Guest post by Tommaso Braida, PhD Candidate in Philosophy of Law at Uppsala University. Tommaso was a practising lawyer in Italy with an interest in the history of legal thought. He currently investigates the administrative detention of non-nationals, including the stateless, in contemporary Europe.

Review of Human Trafficking and Slavery Reconsidered: Conceptual Limits and States’ Positive Obligations in European Law by Vladislava Stoyanova (Cambridge University Press, 2017)

In Human Trafficking and Slavery Reconsidered, Vladislava Stoyanova engages with the long tradition of international legal instruments that address the exploitation of human beings. The first part of the book focuses on the human trafficking legal framework, and the second part on human rights law. Stoyanova seeks to address the definitional indeterminacy that affects the concepts of human trafficking, slavery, servitude and forced labour in international law, while  comparing the positive obligations  states are subjected to (such as obligation to criminalize, to create a  victim  of human trafficking status, and so on), according to each legal framework. Special attention ought to be paid to the great comparative analyses she conducts about the human trafficking and human rights legal frameworks. These complex, interrelated and coexisting systems would not be easily understood without the clear analysis provided in Human Trafficking and Slavery Reconsidered

The book follows a tripartite structure: it starts with an introductory historical analysis of the contingencies that led to the origin of the concepts of human trafficking and slavery, to then move to consider the definitions of such concepts in international treaties/conventions  and their interpretation by international courts, to eventually identifying and comparing states’ positive obligations. Stoyanova employs the notion of positive obligations developed by the European Court of Human Rights (ECtHR), which is the judicial body entitled to assess which reasonably available measure would have prevented or reduced the harm imposed on the individual. States are under an obligation to criminalize slavery, servitude and forced labour according to international law.  under the impetus of the Belgian Linguistic’s Case of 1968. Such obligations in practice require national authorities to take the necessary measures to safeguard a right or, more specifically, to adopt reasonable and suitable measures to protect the rights of the individual.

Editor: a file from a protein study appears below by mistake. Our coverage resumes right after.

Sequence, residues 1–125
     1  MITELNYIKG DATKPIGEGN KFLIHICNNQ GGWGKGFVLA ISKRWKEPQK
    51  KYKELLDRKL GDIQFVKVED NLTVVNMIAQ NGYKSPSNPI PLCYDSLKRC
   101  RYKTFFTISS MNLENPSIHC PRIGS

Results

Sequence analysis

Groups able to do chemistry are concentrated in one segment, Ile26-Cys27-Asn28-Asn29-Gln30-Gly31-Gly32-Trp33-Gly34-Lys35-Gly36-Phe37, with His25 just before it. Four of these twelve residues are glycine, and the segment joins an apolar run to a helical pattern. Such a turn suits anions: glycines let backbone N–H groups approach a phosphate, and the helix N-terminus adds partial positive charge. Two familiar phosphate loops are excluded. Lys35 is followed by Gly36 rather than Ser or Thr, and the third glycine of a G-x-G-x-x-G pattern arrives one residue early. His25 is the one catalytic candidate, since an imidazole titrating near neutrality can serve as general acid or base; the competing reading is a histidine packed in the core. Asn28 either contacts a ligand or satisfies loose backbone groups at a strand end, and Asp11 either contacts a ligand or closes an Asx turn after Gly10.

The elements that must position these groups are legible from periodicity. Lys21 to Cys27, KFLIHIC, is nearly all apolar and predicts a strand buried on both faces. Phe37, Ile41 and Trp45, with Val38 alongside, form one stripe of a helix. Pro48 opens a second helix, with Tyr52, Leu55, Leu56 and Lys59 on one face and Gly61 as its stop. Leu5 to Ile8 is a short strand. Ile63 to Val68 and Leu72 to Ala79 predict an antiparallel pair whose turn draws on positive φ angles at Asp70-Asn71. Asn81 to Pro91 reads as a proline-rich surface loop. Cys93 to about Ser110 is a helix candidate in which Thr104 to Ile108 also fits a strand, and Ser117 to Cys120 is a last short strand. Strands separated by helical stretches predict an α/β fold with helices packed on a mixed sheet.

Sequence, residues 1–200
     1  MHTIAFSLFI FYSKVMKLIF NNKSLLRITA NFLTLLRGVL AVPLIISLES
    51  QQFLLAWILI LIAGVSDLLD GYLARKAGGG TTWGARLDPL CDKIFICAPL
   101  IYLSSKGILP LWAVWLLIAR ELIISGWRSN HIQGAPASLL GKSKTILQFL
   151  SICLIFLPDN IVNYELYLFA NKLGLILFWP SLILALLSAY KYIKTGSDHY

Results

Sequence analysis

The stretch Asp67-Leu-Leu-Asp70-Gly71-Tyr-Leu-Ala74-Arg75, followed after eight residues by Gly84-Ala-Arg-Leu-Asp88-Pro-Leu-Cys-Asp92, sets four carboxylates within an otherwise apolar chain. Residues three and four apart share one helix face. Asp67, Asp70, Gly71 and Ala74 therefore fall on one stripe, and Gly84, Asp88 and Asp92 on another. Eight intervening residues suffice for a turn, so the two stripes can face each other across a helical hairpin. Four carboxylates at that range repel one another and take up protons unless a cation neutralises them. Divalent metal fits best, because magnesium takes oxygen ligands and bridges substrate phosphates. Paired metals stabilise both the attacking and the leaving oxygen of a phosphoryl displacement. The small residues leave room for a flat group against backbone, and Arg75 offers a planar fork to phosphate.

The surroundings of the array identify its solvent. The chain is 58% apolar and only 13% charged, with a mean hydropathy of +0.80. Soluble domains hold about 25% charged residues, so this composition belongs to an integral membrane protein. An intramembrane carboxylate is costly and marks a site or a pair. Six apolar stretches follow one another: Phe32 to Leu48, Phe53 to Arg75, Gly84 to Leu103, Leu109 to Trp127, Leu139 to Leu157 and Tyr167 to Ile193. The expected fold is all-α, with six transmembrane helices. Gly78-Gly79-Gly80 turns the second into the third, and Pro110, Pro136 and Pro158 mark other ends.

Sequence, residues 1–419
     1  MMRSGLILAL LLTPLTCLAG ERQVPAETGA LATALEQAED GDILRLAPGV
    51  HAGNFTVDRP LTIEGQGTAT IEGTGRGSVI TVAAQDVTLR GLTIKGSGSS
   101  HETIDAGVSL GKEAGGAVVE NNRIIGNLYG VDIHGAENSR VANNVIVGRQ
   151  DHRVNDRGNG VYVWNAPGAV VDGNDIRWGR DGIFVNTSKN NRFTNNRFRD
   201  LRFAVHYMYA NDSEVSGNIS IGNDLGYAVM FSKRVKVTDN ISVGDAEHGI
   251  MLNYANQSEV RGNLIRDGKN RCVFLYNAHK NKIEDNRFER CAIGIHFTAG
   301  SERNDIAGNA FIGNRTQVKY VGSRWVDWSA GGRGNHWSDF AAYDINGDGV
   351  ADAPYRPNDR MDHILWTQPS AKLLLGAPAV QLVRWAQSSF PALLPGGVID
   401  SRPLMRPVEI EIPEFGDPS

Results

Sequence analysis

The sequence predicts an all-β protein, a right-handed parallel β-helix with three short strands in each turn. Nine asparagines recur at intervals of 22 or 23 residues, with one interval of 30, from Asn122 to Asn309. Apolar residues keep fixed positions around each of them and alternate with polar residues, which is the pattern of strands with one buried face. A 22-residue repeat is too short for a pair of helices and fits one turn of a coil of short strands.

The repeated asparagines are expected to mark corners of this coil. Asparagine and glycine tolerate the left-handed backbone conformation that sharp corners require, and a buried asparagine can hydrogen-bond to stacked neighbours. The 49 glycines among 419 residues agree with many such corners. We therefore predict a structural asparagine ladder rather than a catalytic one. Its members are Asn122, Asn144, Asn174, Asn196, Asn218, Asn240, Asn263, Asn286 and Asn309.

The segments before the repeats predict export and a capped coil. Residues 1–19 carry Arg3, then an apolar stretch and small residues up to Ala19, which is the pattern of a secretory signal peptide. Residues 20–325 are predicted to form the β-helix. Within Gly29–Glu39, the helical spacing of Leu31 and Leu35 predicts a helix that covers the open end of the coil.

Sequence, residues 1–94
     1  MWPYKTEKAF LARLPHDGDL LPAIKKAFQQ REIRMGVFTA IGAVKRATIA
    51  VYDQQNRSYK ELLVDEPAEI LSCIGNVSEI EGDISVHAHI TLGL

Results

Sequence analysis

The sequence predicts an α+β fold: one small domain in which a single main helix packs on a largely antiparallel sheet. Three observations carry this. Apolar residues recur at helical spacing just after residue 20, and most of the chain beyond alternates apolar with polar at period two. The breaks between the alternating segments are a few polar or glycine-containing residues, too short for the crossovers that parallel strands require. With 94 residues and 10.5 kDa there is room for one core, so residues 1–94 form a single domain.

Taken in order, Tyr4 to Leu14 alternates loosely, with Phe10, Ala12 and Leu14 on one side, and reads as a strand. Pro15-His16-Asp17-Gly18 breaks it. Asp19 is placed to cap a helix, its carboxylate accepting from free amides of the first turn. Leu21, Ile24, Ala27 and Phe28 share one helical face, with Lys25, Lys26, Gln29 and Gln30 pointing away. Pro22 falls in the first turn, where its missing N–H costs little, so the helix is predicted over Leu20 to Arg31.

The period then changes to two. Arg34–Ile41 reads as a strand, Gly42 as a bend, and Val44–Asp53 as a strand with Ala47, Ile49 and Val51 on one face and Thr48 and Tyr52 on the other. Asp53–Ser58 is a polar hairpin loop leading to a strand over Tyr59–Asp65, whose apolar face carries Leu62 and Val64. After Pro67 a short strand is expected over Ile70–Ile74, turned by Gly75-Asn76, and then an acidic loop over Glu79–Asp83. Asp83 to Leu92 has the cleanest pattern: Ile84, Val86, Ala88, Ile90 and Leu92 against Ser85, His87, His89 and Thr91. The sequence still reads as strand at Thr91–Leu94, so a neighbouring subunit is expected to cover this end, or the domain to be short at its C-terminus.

Stoyanova illustrates the historical origins of the concept of human trafficking in Europe, dating back to the anti-trafficking treaties of the 1930s and 1940s, which originally referred to the recruitment into prostitution of European women who were trafficked to colonial territory. Such introduction is required to understand a distinction Stoyanova draws in chapter 7 between human trafficking on the one hand -- ‘the international supply chain into exploitation’ (p.299)-- and slavery, servitude and forced labour on the other, which are mere examples of exploitative practices, given in the Palermo definition of Human Trafficking.

Stoyanova examines the definitional uncertainty that affects the concept of human trafficking as defined in the Palermo Definition of Human Trafficking. Such ambiguity is caused by the ‘lack of certainty as to the thresholds of coercion and deception on the victims’ (p.73); and the uncertainty of the ‘purpose of exploitation’ element. To enhance legal certainty, Stoyanova proposes to employ a ‘proportionality test’ to reveal what conditions are to be considered exploitative, based on the comparison/disproportion between the actual and legally required working conditions. She uses this definitional uncertainty as a reason to question the value of a concept of human trafficking that can cover both ‘grave forms of abuses and simply deceptive migration’ (p.429).